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Free Content The impact of model-error correlation on regional data assimilative models and their observational arrays

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Data assimilative models often minimize a penalty functional that measures model adjustment and model-data misfit. The penalty functional builds assumptions about model error into the analysis. Usually, errors from different parts of the model (e.g., dynamics and boundary conditions) are presumed to be uncorrelated. This is clearly not a valid assumption in regional models where uncertain large-scale forcing affects open-ocean boundary conditions. In this study, calculations with a regional wind-driven inverse model provide a specific example where model error from uncertain wind stress is correlated with model error from uncertain open boundary conditions. This physically realistic scenario motivates development of a more general penalty functional that includes model-error correlation. In fact, model-error correlations must be included in order to meet the objective of making the open-ocean boundaries behave like the open ocean. Statistical issues for the generalized inverse model are described in the context of objective analysis. Implications for array design are addressed. For data assimilative models that incorrectly neglect model-error correlation, data should not come from open-ocean boundary regions. Rather, data should come from the interior of the regional domain. There is no such restriction on data placement for the assimilative model that correctly accounts for model-error correlation.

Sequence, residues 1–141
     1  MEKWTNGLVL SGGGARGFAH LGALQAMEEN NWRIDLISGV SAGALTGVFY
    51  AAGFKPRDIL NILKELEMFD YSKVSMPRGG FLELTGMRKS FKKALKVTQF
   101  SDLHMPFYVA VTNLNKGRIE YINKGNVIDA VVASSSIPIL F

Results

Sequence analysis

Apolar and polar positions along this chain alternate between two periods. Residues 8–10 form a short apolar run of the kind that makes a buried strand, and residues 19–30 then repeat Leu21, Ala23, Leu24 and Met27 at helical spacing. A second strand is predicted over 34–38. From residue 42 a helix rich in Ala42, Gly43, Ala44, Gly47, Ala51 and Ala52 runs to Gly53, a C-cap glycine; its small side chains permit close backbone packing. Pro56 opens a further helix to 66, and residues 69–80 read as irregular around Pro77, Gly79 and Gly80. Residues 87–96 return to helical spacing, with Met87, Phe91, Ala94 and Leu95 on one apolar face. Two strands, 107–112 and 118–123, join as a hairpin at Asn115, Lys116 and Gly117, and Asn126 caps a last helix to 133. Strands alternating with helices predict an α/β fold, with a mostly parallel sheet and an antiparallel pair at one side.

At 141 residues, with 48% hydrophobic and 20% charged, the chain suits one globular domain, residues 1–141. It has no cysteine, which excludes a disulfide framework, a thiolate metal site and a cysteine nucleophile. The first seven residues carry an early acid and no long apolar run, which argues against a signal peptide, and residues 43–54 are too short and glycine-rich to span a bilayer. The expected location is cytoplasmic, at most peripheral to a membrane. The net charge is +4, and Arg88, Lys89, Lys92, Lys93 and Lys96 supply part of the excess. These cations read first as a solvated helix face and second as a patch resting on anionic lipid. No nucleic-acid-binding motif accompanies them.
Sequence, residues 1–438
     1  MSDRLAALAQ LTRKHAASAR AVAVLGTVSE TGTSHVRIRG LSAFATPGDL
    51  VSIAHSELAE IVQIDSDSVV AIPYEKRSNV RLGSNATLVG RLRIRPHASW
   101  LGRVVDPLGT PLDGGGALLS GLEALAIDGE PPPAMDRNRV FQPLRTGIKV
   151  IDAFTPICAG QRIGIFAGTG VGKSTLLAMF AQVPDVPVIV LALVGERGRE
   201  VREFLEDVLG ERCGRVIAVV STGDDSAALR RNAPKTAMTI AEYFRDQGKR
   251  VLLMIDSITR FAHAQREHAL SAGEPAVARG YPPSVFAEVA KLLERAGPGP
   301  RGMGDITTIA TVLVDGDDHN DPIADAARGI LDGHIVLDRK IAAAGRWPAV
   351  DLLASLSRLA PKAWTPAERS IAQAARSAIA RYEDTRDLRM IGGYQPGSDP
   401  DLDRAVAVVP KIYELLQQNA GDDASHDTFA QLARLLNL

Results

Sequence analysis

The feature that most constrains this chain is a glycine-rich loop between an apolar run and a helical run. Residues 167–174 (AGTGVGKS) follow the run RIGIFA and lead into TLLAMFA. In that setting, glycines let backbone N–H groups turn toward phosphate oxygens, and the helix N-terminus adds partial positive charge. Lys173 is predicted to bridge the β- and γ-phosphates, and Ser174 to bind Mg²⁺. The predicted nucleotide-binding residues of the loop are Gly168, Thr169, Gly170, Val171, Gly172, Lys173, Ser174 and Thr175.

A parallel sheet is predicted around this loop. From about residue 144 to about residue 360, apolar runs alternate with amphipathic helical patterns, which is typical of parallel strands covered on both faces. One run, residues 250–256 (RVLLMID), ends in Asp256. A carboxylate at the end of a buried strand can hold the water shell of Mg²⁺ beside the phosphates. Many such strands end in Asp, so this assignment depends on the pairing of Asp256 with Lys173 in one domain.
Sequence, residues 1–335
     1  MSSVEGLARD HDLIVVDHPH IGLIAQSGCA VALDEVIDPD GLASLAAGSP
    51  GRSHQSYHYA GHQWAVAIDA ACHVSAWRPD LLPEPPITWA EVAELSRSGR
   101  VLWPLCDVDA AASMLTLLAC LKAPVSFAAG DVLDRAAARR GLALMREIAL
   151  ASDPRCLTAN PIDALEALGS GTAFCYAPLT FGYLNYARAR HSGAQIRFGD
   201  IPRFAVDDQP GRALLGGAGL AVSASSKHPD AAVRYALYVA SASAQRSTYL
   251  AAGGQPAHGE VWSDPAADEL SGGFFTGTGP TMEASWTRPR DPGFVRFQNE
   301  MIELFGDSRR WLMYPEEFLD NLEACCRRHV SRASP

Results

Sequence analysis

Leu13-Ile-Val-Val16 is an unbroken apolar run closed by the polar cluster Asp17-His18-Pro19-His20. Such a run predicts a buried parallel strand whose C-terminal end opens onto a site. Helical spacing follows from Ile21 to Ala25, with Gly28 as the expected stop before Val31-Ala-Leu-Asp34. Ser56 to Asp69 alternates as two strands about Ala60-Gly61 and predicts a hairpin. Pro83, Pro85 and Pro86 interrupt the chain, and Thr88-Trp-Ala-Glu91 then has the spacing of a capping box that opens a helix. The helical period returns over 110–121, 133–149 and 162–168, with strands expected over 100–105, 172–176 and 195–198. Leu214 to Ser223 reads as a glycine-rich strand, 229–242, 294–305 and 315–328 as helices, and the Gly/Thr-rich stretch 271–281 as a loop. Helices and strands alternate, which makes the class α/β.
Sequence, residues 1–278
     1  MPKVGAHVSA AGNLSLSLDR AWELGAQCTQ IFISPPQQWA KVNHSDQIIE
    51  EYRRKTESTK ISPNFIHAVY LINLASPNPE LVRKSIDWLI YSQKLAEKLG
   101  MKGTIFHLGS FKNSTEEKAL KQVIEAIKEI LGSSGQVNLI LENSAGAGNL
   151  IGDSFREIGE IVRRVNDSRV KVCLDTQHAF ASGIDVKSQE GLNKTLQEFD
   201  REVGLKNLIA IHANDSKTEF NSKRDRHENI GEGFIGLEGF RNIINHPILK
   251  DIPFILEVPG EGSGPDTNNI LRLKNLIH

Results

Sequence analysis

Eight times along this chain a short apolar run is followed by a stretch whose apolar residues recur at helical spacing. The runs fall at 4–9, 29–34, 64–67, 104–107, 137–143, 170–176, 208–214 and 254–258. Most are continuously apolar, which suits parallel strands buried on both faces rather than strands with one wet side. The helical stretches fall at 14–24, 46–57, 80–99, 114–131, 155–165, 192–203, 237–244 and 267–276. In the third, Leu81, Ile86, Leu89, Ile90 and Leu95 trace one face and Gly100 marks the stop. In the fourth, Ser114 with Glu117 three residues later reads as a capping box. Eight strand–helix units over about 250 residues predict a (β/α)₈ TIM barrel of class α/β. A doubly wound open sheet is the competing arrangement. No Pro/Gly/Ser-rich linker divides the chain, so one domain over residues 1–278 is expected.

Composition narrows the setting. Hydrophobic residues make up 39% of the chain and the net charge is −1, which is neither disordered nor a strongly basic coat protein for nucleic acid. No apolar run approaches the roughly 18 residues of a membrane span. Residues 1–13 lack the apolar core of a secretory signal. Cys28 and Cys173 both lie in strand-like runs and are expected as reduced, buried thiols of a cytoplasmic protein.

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Document Type: Regular Paper

Publication date: 2001-11-01

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  • The Journal of Marine Research publishes peer-reviewed research articles covering a broad array of topics in physical, biological and chemical oceanography. Articles that deal with processes, as well as those that report significant observations, are welcome. In the area of biology, studies involving coupling between ecological and physical processes are preferred over those that report systematics. Authors benefit from thorough reviews of their manuscripts, where an attempt is made to maximize clarity. The time between submission and publication is kept to a minimum; there is no page charge.
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